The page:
Much has been made of New Jersey’s precarious fiscal condition, in particular the state’s near bankrupt and debt-riddled transportation trust fund. California is considered by some to be the next Greece, a government whose bankruptcy will cause a global fiscal meltdown, but attention has recently shifted to Illinois, which has an enormous budget deficit. These states, however, have debts that have been close the U.S. average as a percent of their residents’ personal income in recent decades. Illinois’ state and local debts had been below average relative to its residents’ personal income until recently, but are now above average – but still lower than New York City or the Rest of New York State.
In FY 1977 New York City’s state and local debts had soared to 37.6 percent of city residents personal income in the wake of the Lindsey and Rockefeller eras, but by FY 1984 this figure had fallen to just 21.0%. The rest of New York State saw similar decrease in debt as a share of personal income during the period. How was this accomplished? First the city and state stopped borrowing money, in part by allowing the infrastructure – particularly the New York City infrastructure – to fall apart. Total New York City debts fell from $14.9 billion in FY 1977 to $9.9 billion in FY 1981 as old debts were repaid and new ones not added.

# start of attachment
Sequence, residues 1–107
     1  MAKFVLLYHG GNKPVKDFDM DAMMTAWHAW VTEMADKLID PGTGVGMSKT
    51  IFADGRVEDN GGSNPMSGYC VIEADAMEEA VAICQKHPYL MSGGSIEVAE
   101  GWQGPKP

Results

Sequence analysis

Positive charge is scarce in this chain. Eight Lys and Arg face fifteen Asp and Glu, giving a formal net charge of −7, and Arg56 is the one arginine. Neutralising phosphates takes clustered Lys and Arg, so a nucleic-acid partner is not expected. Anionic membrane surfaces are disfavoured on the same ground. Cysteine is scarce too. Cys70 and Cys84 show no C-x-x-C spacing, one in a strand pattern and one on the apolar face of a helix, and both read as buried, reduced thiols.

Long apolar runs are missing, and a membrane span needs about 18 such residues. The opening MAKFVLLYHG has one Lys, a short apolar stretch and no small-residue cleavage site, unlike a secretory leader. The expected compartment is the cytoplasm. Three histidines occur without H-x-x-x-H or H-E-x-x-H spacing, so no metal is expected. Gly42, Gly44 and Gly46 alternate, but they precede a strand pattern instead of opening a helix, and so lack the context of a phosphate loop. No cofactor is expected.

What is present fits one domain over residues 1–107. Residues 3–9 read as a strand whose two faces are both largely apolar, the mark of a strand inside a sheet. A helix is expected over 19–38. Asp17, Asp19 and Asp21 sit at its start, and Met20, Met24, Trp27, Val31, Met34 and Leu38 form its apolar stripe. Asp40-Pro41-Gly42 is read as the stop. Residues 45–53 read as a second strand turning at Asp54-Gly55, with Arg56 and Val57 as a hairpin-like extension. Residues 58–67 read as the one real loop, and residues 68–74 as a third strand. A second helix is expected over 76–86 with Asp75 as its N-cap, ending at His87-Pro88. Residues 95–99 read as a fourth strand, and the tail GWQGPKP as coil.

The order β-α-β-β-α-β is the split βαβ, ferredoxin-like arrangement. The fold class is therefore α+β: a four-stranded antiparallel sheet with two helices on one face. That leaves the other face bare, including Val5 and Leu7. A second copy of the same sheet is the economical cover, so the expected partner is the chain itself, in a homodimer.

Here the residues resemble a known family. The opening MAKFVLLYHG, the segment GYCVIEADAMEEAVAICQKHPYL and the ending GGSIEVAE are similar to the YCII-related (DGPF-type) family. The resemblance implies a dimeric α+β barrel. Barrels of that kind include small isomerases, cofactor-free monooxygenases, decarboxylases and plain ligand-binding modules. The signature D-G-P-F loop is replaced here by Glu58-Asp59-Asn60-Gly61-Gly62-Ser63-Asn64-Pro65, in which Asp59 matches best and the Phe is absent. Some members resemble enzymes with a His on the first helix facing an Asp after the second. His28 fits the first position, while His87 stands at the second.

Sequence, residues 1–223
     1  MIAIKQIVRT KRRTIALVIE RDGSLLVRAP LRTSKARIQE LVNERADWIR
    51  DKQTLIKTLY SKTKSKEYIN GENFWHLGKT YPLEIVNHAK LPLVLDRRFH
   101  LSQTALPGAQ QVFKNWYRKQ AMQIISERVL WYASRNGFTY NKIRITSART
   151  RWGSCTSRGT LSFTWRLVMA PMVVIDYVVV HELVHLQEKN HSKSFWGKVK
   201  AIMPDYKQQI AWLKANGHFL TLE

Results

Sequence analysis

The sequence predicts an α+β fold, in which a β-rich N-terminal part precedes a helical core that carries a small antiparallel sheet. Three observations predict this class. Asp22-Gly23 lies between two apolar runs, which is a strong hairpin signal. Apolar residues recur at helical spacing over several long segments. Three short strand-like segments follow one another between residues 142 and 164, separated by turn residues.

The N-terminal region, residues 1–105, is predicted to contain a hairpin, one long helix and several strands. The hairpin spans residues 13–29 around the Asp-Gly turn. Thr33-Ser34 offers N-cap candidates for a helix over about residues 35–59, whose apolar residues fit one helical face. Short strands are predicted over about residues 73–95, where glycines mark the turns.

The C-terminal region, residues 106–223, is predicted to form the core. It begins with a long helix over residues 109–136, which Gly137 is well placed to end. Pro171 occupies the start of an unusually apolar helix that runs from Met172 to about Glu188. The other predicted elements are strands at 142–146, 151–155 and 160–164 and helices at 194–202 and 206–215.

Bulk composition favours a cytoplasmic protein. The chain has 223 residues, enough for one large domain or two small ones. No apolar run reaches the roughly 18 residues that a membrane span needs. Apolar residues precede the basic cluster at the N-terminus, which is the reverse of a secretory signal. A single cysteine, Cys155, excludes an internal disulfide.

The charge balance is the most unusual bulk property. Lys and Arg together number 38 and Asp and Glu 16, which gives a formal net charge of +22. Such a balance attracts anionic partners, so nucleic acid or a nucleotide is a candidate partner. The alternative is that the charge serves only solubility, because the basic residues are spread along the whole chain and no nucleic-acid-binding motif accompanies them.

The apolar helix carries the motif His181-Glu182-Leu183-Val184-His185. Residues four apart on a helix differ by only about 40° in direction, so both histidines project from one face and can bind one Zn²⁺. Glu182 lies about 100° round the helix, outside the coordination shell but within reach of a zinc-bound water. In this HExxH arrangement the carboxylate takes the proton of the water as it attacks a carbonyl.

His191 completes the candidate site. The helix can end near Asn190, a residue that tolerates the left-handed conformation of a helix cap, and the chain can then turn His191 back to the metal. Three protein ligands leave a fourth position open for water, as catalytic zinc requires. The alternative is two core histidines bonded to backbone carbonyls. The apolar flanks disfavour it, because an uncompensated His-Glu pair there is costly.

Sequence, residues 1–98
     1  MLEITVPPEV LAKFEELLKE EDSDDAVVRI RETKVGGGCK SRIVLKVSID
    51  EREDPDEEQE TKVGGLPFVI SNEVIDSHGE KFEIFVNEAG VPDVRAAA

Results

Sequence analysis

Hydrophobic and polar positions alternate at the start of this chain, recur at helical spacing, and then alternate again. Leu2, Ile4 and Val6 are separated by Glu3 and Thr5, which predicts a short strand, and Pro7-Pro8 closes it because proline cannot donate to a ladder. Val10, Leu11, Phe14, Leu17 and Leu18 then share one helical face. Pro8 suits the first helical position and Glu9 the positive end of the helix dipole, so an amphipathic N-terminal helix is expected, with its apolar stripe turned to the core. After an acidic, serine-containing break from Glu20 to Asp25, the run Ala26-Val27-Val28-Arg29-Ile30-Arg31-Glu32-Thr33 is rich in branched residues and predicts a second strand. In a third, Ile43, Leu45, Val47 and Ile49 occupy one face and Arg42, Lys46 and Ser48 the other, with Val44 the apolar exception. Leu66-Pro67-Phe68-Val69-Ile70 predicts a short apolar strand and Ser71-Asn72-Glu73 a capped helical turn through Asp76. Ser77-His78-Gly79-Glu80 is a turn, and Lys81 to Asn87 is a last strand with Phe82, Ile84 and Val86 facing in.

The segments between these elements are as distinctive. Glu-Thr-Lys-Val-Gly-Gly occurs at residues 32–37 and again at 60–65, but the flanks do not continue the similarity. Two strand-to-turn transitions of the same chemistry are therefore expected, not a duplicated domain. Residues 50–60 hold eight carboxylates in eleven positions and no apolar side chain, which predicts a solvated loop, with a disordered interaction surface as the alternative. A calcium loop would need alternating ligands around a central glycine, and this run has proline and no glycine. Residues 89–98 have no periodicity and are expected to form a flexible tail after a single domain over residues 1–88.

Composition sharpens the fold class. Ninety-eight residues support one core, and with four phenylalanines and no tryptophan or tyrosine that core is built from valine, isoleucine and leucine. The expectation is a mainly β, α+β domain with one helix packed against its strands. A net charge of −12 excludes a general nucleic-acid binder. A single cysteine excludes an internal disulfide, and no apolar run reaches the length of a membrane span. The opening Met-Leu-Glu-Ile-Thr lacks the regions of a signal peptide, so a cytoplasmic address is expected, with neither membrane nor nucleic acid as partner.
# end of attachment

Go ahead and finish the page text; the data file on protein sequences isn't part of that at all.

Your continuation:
Second, however, inflation eroded the fixed value of the debts that had already been incurred. According to the Bureau of Labor Statistics, a dollar in 1977 was worth only 58 cents in 1984 – and the same may be said of the city’s debts. The same inflation reduced the cost of the pensions of public employees who had retired with generous “Tier I” benefits awarded in the late 1960s.
New York’s state and local debts were fairly stable thereafter, until the early 1990s recession when money was borrowed in response to a fiscal crisis. This was the “original sin” of the current “sell the future and flee to Florida” era. It was symbolized by former Governor Mario Cuomo’s plan to have the state borrow money to sell the New York State Thruway to itself. That deal is one reason that money is not available to replace the deteriorating Tappan Zee Bridge, after 50 years of collecting tolls on it. Cuomo, who has been a pro-future Governor to that point, might have believed he would restore fiscal rectitude when the economy improved, something that did happen at the federal level in the administrations of Presidents George H.W. Bush (Bush I) and Bill Clinton. But Cuomo and his legislative partners were ousted by then.